Giving Compass' Take:
- According to a new report, racial diversity continues to increase in grantmaking organization staffing, but progress is still slow.
- What are the barriers for people of color to obtain leadership positions in foundations?
- Learn about the potential of foundation board diversity.
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The number of staff and people in leadership positions at U.S. foundations who identify as Black, Indigenous, and people of color (BIPOC) continues to increase, an annual survey conducted by the Council on Foundations finds.
According to the 2022 Grantmaker Salary and Benefits Report, which includes salary data on more than 10,000 full-time staff from over 1,000 grantmaking organizations, racial diversity continues to increase, with people of color accounting for 31 percent of reported full-time staff (up from 29 percent in 2021 and 27 percent in 2020). Among responding organizations, people of color now make up 14 percent of foundation CEOs (up from 12 percent in 2021). While age and gender ratios remained unchanged, for the second consecutive year the report has included “nonbinary” in its collection of gender data. With 44 people self-identifying as nonbinary among 9,935 staff identified in the survey, the number is small, but a significant measure of inclusion in terms of culture and representation. In addition, the survey found that non-salary benefits such as health-related flexible spending accounts, professional membership dues, and professional development opportunities continue to increase—31 percent of respondents have such benefits (up from 28 percent in 2021 and 25 percent in 2020).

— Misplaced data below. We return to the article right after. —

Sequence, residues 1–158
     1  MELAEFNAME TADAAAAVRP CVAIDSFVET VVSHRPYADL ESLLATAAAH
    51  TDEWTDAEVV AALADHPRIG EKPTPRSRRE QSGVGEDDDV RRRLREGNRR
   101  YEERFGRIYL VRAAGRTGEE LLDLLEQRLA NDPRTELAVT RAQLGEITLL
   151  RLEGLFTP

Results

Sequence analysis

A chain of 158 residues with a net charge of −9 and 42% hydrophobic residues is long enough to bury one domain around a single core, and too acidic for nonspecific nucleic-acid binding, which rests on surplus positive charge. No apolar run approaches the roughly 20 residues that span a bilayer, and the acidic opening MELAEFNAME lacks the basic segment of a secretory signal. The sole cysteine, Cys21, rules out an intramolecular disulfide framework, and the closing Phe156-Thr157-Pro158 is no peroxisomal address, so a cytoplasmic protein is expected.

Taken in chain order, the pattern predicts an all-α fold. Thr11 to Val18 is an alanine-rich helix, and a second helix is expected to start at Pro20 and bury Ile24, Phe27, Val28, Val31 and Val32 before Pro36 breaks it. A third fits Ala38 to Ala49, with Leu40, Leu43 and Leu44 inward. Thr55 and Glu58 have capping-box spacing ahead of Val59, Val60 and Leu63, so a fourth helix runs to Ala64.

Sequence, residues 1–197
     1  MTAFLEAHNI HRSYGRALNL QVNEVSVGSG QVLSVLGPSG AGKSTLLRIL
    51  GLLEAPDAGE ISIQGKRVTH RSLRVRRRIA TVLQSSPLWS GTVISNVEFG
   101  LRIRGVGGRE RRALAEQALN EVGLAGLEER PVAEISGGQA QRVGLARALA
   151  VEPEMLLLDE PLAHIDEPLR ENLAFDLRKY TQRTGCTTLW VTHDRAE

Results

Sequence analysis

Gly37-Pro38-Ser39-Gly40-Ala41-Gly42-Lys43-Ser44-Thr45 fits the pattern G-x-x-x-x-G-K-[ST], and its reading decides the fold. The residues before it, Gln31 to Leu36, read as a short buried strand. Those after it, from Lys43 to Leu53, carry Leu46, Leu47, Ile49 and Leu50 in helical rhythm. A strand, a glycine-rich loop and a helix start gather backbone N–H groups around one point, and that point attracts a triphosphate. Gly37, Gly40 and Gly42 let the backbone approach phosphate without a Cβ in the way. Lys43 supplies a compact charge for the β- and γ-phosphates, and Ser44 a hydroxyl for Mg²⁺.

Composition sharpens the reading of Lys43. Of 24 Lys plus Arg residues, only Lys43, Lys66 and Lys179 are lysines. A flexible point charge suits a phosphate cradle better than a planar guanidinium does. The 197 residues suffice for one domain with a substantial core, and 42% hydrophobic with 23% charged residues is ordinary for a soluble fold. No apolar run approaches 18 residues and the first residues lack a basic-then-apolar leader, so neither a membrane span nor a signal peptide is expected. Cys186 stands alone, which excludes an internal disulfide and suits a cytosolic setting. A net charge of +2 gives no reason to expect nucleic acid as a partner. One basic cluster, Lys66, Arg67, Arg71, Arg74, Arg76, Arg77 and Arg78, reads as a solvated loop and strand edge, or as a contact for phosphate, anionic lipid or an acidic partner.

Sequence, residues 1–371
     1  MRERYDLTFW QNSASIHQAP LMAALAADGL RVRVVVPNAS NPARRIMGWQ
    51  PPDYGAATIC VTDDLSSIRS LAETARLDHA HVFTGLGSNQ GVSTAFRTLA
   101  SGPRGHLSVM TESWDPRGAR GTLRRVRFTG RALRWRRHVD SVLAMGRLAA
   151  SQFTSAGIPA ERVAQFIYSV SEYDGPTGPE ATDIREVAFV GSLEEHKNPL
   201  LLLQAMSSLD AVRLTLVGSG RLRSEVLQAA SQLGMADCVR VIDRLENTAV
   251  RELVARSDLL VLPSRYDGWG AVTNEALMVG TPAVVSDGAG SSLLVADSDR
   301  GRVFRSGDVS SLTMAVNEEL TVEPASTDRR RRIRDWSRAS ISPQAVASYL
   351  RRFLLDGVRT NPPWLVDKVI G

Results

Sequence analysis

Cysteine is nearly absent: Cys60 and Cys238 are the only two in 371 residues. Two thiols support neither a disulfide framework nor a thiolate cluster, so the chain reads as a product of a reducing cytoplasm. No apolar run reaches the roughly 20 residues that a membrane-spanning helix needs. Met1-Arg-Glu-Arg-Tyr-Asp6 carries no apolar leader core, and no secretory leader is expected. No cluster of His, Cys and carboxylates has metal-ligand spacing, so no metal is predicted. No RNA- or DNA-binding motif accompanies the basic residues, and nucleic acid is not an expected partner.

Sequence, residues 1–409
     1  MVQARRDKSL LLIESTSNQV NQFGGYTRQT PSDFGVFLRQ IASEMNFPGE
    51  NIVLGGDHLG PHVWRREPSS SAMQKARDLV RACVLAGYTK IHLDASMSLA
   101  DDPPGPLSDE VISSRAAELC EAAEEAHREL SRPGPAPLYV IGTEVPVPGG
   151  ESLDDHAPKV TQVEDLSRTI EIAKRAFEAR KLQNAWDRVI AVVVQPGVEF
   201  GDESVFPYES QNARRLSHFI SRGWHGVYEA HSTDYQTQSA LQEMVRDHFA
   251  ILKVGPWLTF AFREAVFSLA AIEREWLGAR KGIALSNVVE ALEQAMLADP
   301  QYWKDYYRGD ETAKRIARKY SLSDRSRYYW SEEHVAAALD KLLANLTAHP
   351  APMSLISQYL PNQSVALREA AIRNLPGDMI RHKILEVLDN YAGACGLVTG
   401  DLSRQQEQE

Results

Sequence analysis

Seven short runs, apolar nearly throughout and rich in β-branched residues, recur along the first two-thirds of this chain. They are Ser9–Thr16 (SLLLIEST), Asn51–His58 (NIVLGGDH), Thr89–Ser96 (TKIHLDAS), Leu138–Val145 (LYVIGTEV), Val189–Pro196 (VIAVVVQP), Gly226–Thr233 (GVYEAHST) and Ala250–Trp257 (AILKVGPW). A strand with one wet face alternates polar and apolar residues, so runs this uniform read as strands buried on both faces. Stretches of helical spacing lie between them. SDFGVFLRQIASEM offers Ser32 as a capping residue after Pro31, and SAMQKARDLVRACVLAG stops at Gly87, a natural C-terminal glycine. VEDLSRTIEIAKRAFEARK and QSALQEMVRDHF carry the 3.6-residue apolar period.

Read the full article about diversity in U.S. foundations at Philanthropy News Digest.